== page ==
Are you sure you have cut every single expense possible? Did you try every possible thing you could do to increase sales?
Maintaining a stable business can get costly. Make sure to answer these three questions before taking out a loan.
Making improvements to your business feels great, but they have to factor into your profitability if you need a loan to make them happen.
If you are upgrading your IT equipment, for example, it has to be because you have to do it to make more money – not simply because you wanted new equipment.
Can you try running a promotion for the next 90 days? Make a big marketing push and incentivize your team to produce more.
Think outside of the box and see if you can come up with a way to boost sales and get the cash you need.
Think about the last time your business was in trouble. Remember how easy it was to make major cuts?
Maybe you can cut some of the same expenses temporarily. Consider eliminating non-essential roles and pausing monthly services that you don’t really need to succeed.
We have all heard the saying “Grow, Grow, Gone”, so be careful that you don’t take on unnecessary risk by answering these three questions.
You are profitable now, but do you have the systems in place to be profitable for years to come?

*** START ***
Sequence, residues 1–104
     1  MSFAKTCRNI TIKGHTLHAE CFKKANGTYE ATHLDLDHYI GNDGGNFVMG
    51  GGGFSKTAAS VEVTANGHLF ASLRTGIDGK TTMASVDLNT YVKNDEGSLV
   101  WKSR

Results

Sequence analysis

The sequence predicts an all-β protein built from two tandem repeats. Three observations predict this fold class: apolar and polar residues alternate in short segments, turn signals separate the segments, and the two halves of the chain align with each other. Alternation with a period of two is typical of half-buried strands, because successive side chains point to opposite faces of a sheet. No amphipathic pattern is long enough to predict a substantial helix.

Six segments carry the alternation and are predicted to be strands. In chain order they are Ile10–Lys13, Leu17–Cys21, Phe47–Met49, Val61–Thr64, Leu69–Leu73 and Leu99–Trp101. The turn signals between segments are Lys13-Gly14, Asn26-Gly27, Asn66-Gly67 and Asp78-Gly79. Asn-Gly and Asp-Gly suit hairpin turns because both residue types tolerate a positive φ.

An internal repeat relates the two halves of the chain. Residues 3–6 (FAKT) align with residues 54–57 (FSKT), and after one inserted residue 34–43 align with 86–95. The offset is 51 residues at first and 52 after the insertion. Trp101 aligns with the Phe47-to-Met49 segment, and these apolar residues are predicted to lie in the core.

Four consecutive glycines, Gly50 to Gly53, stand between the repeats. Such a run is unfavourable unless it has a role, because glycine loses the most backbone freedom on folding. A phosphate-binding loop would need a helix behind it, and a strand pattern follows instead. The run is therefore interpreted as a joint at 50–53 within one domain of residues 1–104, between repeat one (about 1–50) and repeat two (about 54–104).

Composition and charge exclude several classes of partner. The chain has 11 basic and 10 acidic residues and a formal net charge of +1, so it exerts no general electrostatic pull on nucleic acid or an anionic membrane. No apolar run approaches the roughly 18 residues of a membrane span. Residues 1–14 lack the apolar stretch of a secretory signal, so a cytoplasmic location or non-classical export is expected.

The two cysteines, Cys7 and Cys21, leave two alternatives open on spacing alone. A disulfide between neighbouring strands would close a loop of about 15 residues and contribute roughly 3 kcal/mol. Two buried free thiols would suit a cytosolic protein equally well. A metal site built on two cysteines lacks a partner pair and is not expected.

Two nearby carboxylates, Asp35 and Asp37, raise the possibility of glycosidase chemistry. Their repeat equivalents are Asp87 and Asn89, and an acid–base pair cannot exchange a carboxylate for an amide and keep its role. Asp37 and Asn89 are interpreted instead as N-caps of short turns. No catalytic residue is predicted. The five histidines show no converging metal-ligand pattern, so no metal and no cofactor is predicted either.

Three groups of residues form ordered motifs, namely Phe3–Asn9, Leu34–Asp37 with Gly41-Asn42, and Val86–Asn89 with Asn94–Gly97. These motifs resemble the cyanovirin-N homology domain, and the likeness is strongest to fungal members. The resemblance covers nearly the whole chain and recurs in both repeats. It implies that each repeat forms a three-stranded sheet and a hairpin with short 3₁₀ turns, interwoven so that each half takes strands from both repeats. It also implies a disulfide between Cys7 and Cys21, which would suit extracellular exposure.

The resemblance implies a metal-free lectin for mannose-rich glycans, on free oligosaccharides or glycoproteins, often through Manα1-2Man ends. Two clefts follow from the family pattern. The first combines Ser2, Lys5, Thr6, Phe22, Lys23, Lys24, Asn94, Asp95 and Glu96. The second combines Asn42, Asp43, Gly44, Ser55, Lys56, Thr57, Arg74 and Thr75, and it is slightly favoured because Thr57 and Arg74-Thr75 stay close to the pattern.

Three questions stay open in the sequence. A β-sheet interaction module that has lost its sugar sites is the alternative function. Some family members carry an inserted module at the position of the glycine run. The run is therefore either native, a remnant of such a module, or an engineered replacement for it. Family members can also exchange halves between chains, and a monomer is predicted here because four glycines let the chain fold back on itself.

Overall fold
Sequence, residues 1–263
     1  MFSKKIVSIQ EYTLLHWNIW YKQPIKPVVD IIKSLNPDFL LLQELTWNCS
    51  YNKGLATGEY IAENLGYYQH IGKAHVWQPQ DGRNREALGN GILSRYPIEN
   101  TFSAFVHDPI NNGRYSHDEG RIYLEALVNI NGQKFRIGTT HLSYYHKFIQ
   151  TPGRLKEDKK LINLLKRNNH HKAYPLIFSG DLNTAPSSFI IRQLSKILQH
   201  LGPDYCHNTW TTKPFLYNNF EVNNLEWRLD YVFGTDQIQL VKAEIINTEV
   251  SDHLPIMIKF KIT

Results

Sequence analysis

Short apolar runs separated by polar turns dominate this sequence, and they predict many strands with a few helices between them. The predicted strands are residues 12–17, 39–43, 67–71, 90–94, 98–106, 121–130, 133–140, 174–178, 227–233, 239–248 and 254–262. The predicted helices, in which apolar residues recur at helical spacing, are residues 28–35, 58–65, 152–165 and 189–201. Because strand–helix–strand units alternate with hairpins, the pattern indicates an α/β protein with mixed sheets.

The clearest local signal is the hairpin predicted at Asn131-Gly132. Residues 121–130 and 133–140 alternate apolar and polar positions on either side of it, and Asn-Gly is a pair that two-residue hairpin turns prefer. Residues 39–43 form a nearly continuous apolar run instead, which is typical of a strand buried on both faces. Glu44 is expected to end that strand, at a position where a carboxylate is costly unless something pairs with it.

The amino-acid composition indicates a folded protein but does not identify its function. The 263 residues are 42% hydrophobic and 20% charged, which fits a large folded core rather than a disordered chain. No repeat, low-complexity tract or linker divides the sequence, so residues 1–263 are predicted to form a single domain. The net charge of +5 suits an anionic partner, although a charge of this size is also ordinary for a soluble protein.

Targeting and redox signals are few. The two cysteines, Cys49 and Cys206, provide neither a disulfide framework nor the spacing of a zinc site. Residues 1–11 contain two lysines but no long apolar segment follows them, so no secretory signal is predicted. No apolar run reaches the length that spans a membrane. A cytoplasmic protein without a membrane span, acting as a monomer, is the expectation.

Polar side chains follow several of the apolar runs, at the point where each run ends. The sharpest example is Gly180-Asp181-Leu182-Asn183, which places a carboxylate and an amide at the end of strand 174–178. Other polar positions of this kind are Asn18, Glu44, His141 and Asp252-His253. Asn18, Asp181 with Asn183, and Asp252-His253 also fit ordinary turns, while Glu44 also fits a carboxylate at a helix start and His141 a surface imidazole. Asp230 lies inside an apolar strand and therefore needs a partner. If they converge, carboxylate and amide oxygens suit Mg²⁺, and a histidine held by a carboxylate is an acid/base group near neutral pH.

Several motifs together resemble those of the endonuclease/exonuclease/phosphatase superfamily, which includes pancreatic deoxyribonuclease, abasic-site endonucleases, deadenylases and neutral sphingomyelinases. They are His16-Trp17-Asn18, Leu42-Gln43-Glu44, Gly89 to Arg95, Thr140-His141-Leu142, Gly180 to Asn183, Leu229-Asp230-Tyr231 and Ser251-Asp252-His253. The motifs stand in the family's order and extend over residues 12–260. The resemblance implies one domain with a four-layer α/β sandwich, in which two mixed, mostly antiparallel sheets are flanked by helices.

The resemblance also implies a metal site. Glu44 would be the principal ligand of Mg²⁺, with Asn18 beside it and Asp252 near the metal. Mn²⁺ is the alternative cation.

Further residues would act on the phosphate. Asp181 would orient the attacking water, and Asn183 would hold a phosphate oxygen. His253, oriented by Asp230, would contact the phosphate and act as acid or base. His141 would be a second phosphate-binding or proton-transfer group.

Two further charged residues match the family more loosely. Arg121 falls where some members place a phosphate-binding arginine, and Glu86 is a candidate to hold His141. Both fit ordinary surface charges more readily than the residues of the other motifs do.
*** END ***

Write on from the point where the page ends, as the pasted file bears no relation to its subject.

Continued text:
Building for long-term profitability requires you to have a systems-dependent business rather than a people-dependent business.
Even if a business is great now, you still need to think about future threats to your business.
Is the economy unstable and heading towards another recession? Is there some risk threatening your industry that could cause a business to slow down?
Make sure these changes aren’t around the corner to keep yourself from getting blindsided.
When you do opt for a business loan, you have to know for a fact that you have enough profit to service your debt and interest. This requires you to have a strong understanding of your financials. Ideally, you have been doing a full financial analysis every month.